PCOS Awareness Month: Top 10 PCOS pearls I wish everyone knew for better pregnancy health and beyond
My patients often come in with preconceptions about PCOS that leave me thinking, “if only they had known earlier!”
Many people have never heard of PCOS, but it affects 5-10% of women and is the most common endocrine disorder for women of reproductive age.1 Affecting women across the entire lifespan, it causes hormonal imbalances, increases the risk for heart disease, diabetes, and infertility, and can also increase the risk of complications in pregnancy.2 The good news is that there is so much we can do to positively impact this disease, to improve fertility, pregnancy health, and overall health for women with this condition.
With that in mind, today I want to share my top 10 tips I wish everyone knew about PCOS for better pregnancy health and beyond. Whether you have it, wonder if you might have it, or know someone who has it (and I guarantee you’re in one of those three groups!), I hope this will provide a helpful guide for conversations with your healthcare provider or your loved one.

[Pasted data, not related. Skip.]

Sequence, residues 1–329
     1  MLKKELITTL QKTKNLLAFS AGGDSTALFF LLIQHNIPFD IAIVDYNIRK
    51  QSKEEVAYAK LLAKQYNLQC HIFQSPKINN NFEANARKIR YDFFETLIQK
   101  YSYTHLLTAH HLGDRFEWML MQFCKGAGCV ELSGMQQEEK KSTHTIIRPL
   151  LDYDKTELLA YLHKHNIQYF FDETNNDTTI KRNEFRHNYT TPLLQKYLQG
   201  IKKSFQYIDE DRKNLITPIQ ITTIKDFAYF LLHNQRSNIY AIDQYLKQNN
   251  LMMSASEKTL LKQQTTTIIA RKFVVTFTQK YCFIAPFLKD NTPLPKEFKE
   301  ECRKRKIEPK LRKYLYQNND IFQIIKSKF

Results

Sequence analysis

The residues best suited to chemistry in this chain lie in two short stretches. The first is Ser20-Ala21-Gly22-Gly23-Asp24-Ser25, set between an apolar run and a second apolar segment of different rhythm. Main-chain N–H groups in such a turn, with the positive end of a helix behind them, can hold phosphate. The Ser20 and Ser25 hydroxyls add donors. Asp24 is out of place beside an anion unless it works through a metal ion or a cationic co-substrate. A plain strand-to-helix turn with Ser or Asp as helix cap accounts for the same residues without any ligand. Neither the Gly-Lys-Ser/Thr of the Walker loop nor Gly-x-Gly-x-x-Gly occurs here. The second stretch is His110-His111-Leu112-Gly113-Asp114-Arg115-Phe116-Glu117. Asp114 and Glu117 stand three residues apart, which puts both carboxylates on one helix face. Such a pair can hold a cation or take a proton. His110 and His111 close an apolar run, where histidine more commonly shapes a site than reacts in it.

- Despite its name, women with PCOS are not at any increased risk of getting ovarian cysts. While the name ‘polycystic ovarian syndrome’ sounds like it will likely cause you to have ovarian cysts, this is not the case. The term ‘polycystic ovaries’ refers to a classic appearance of the ovaries on ultrasound associated with PCOS, but this involves having numerous follicles, not cysts.
- PCOS is the most common cause of infertility but is highly treatable. Many of my patients have had anxiety caused by thinking that they will never be able to get pregnant, and it is so crucial for women to know that there is help. While some women need assistance to achieve a pregnancy, this is fortunately a highly treatable form of infertility.